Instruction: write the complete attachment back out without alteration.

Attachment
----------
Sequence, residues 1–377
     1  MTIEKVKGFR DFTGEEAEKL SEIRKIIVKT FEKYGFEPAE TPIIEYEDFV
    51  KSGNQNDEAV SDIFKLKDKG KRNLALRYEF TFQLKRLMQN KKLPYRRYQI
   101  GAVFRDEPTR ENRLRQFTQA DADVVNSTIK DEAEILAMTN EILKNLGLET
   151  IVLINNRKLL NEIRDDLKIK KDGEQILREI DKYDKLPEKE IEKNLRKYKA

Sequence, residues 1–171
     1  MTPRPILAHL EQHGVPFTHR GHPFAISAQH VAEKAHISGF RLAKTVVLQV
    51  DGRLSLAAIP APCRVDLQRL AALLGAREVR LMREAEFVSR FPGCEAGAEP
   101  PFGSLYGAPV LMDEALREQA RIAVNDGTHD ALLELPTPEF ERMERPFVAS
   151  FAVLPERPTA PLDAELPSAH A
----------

Sequence, residues 1–377
     1  MTIEKVKGFR DFTGEEAEKL SEIRKIIVKT FEKYGFEPAE TPIIEYEDFV
    51  KSGNQNDEAV SDIFKLKDKG KRNLALRYEF TFQLKRLMQN KKLPYRRYQI
   101  GAVFRDEPTR ENRLRQFTQA DADVVNSTIK DEAEILAMTN EILKNLGLET
   151  IVLINNRKLL NEIRDDLKIK KDGEQILREI DKYDKLPEKE IEKNLRKYKA

Sequence, residues 1–171
     1  MTPRPILAHL EQHGVPFTHR GHPFAISAQH VAEKAHISGF RLAKTVVLQV
    51  DGRLSLAAIP APCRVDLQRL AALLGAREVR LMREAEFVSR FPGCEAGAEP
   101  PFGSLYGAPV LMDEALREQA RIAVNDGTHD ALLELPTPEF ERMERPFVAS
   151  FAVLPERPTA PLDAELPSAH A